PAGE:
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Californians Face More Bad News As Reservoir Project Will Cost Residents Their Homes

Californians Face More Bad News As Reservoir Project Will Cost Residents Their Homes
Source: Pinterest

Californians Face More Bad News as Reservoir Project Will Cost Residents Their Homes

Source: Pinterest

In an attempt to alleviate California’s drought issues, the enormous Sites Reservoir project has been in the works for about 45 years. However, some residents may be displaced during development.

Scores of buildings may also be demolished in the Antelope Valley. Will this work be completed despite these obstacles?

Water Supply Problems

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Authorities remain hopeful that the massive storage in California would assist in resolving the shortage of water in the region. Even if there has been ample supply of water in the past few decades, a drought remains a catastrophe that is waiting to occur as long as world temperatures rise.

According to the reservoir’s site, this is an off-river reservoir that is environmentally beneficial and can hold extra water after severe rainfall for later, arid times.

Surplus Water

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It is a 13-mile basin in Colusa County. When it is finished in 2032, it is expected to supply potable water to 24 million people in the state.

After that, the storage facility will hold roughly 490 billion gallons, or 1.5 million acre-feet, of water, which will then be transported to Central and Southern California.


Critics Exist Nevertheless

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Despite its benefits, there has been opposition to the project’s completion. Several environmentalists are concerned that the project may divert significant water off the Sacramento River system. They also claim, in addition to the fact that hundreds of residences would be submerged to create room for it.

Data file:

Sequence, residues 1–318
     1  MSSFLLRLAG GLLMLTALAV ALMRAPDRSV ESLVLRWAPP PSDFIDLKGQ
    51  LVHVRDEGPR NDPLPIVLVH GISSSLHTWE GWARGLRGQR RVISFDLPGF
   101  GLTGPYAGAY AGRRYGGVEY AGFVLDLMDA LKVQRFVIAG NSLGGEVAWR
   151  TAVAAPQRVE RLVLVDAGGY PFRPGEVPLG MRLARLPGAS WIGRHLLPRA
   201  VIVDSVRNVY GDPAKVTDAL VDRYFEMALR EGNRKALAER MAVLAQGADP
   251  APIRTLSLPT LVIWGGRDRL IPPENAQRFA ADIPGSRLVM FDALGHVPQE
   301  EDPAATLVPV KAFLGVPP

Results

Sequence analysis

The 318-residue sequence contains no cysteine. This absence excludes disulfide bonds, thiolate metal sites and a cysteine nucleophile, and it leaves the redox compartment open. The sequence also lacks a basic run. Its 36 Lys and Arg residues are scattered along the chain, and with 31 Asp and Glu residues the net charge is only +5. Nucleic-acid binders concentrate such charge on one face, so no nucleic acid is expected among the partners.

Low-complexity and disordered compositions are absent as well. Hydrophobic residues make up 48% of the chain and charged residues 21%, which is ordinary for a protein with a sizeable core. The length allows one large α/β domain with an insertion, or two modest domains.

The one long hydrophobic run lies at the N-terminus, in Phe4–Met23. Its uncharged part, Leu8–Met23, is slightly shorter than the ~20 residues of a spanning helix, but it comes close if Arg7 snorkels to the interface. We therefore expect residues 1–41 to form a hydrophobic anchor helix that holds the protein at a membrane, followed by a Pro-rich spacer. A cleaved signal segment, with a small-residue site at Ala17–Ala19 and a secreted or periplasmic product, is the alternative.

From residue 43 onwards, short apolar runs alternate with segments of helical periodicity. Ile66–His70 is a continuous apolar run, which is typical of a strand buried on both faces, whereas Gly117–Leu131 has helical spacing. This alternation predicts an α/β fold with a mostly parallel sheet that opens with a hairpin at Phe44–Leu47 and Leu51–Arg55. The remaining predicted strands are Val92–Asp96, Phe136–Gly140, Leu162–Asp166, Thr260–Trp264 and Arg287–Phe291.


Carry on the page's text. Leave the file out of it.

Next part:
In fact, legal action is currently being taken against the Sites Reservoir. It claims that it will devastate the ecological balance of the Sacramento River, endanger endangered fish species, and emit greenhouse gas pollution. 

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Friends of the River

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Senior policy advocate Ron Stork of the river protection group Friends of the River condemned the Sites Reservoir for harming the surroundings and the people despite offering little advantage to anyone other than the venture’s financiers.

In addition, he emphasized the problem of greenhouse gas emissions, stating that the storage would constitute a significant transmitter. Based on the most recent study, the storage facility is predicted to emit 80,000 gasoline-powered automobiles’ worth of pollution per year.

Not really Beneficial

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A lawyer with the Center for Biological Diversity named John Buse pointed out that although conserving water has advantages, there are nevertheless less expensive options that might be preferable for others.